Weight Loss, Fitness, Mood and Sexuality
Weight is often used as an indicator of general health. Whether it’s the medical field or mental health field, professionals often focus on weight loss in a way that can actually harm you. Whether it’s crash dieting or blaming depression and anxiety on weight, professionals who claim that losing weight will fix these problems are leading down a road that will lead you to more dead ends and frustration than it will actually harm you. This is because weight is often implicated as the cause of health issues, self-esteem issues, and emotional issues. Weight can certainly correlate with all of these things. However, it certainly isn’t the cause. Weight gain is a symptom of a variety of things–way too many things for me to cover in this article. There certainly is no particular weight that leads to meaningful lives, positive sexuality, and a positive mood.
If we implicate your weight, it’s going to set up a bogus set of goals. For example, it encourages magical thinking. “If I lose weight, my mood, and self-esteem will improve.”
When we think of weight gain and loss in a narrow linear way, we set people up for failure and shame.It matters to me because I see people in my office every week who put off living their lives in a meaningful way, waiting to reach these types of goals. This sets up a problematic series of thinking where people tell themselves that they have to feel and look a certain way to engage in the world in a meaningful way.
Social media’s impact on on your body image and mood.
I originally wrote this article in 2011, and a lot has changed since then. Social media has become much more prominent in our culture. This has further perpetuated crummy advice as it pertains to body image and mood. People often seek to look like those on social media similar to how people try to look like celebrities, thinking this builds confidence in life, relationships and sex. Obviously, these are often products that are being sold.
“Diffuse” things to lives how you want to live.
As you can see, weight gets over synthesized with other elements of quality of life. I recommend that you separate these things and make separate goals. This is what we call diffusion (think of it as an opposite of infusion). Rather than treating all of these elements as if they will come together to create their own outcome if you change one thing, treat them like the separate things that they are.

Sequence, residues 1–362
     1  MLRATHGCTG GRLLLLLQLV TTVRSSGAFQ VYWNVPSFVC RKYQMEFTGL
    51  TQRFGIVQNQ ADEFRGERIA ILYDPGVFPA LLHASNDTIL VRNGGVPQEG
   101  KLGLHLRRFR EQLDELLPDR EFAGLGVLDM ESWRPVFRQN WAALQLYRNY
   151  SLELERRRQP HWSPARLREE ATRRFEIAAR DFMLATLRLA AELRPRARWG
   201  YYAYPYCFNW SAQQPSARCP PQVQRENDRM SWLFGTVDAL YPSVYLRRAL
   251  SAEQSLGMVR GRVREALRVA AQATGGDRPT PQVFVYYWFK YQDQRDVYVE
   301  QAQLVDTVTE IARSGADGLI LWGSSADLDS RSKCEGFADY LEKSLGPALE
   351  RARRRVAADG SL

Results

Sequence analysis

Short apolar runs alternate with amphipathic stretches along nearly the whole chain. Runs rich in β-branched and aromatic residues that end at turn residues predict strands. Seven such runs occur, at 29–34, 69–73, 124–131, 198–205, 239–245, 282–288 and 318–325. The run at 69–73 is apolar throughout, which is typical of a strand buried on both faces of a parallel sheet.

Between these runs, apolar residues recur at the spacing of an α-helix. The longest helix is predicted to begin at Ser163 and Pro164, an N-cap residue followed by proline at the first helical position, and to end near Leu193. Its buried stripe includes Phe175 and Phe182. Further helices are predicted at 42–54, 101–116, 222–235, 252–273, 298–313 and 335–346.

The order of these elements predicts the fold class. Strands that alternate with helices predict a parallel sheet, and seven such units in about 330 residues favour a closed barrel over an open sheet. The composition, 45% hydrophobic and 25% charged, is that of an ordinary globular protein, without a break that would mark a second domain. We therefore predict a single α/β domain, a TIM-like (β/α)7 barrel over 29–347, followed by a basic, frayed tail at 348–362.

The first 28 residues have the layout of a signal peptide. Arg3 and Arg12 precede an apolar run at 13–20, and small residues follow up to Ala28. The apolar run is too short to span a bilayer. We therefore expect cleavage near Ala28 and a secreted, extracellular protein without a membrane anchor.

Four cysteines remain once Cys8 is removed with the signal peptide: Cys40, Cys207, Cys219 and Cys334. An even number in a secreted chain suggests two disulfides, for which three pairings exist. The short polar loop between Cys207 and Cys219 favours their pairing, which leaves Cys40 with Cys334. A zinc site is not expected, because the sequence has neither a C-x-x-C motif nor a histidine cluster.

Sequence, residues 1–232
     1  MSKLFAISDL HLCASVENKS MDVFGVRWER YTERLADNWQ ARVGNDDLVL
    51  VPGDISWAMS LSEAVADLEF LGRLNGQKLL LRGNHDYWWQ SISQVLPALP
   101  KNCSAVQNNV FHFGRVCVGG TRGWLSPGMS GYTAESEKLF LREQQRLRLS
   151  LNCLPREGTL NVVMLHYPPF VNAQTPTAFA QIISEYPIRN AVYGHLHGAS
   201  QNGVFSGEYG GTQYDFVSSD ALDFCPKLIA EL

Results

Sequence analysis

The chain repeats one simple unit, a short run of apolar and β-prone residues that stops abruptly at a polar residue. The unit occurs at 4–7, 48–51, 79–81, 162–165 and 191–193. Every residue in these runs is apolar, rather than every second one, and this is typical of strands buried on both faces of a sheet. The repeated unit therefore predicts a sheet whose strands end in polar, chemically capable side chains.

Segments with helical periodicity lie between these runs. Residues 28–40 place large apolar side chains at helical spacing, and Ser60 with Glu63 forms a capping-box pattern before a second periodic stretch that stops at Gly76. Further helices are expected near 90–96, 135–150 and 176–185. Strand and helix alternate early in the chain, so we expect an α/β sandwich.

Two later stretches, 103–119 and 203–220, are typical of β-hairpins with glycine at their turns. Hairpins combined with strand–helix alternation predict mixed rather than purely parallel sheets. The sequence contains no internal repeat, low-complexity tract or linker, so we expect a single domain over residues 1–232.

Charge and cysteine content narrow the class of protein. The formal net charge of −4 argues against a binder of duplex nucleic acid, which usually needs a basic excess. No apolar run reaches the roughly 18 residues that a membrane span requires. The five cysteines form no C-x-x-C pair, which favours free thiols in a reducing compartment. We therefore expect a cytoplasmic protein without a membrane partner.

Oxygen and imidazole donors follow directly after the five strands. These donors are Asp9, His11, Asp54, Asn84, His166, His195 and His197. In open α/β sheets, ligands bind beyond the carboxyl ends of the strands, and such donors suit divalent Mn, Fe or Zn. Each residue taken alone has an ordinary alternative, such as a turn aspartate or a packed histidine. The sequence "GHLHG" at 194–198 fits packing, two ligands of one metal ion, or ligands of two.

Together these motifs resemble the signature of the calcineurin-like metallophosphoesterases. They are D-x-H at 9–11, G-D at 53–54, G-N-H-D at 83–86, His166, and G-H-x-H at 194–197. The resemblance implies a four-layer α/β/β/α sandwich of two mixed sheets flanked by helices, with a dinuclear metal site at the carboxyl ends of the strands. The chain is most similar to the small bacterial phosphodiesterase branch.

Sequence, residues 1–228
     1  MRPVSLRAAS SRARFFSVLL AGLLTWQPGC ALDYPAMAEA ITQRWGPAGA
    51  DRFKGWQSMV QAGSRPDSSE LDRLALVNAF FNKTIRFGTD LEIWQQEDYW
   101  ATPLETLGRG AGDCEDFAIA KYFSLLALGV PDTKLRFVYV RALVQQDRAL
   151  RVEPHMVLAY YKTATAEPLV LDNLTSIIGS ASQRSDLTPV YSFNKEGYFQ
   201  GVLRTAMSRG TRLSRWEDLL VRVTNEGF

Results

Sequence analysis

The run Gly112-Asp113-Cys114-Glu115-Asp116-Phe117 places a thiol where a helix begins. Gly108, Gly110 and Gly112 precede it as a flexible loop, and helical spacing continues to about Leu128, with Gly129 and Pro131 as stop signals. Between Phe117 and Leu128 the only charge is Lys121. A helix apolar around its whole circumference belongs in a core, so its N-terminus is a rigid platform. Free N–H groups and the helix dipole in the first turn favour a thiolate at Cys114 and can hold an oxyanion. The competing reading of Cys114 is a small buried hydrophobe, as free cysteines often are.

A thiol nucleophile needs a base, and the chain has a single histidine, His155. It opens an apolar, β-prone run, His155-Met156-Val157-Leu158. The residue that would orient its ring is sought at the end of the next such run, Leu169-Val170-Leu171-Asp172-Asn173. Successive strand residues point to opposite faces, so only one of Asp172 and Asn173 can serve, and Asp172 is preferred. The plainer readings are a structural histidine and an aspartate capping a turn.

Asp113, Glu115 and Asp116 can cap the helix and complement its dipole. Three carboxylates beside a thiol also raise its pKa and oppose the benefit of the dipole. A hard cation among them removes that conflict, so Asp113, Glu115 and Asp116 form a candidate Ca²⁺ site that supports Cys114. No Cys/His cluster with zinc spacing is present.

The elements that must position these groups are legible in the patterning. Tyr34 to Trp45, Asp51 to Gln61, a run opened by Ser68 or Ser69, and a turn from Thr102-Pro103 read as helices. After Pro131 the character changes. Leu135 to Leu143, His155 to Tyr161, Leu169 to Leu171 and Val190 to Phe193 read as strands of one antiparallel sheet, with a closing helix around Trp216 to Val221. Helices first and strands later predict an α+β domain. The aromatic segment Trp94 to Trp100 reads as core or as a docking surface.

If you want to make a goal for weight loss, make this goal. But be sure to make it based on your values and things that are important to you rather than trying to get away from emotional pain and self-esteem issues. What do I mean by that? If you want to lose-weight, ask yourself “why?” It could be because you’re an athlete and you want to reach an athletic goal. In this example, you may have a competitive goal. This is also an example of moving towards something valuable rather than losing weight to move away from feeling bad about yourself.
Work on stress management and emotional awareness.
Sometimes, a goal that people have is to build a positive relationship with food. For example, we can eat to cope with difficult emotions, situations, grief, and life circumstances. This can lead to a cycle of problems as many of the foods that people use to cope can also be addictive. Then there are the feelings and beliefs that can stack on top of the difficult feelings that are already there.
Mindfulness is often the first step to changing this cycle. Focusing on more awareness of how you feel can help you intervene and slow things down. It can also help you build a tolerance to these emotions, which also can increase your tolerance to difficult situations.
Build an expanded relationship with sex.
Unfortunately, the way people view themselves and their weight often increases a sense of rigidity about sex. For example, people view it as a forbidden arena where only thin people can play. Again, remember we’re focusing on separating goals. Where would you like to take yourself sexually? What types of experiences would you like to have? How can you have these now with the body that you currently have? Work towards answering these questions to shift your relationship with yourself sexually. This will also likely improve your quality of life as well.
A positive relationship with exercise.
Exercise can make us feel better. There’s growing research on how it impacts us physiologically. The truth is that exercise alone rarely shifts our weight in the long run. So again, differentiate this goal from other goals in your life.
Again, if you’re going to add exercise into your life, do so in a value-based way. For example, some people join gyms for the social component. You can join athletic leagues for a sense of community and friendship. It may also be something that fits its own competitive space in your life. As a general rule, competition that is separate from comparison can be enjoyable, can give you goals to reach, and can also connect you with others.
It’s impossible to avoid influence.
The big challenge is making values-based goals while also being aware of how stuff around us influences us. We’re surrounded by messages about body-image that are blatant and subtle all the time. The best we can do is support each other and become aware of how these things are influencing us. I encourage clients all of the time to practice becoming more aware of how these things influence them. I encourage you to do the same. Doing so can change how you feel about yourself and how you interact with the world.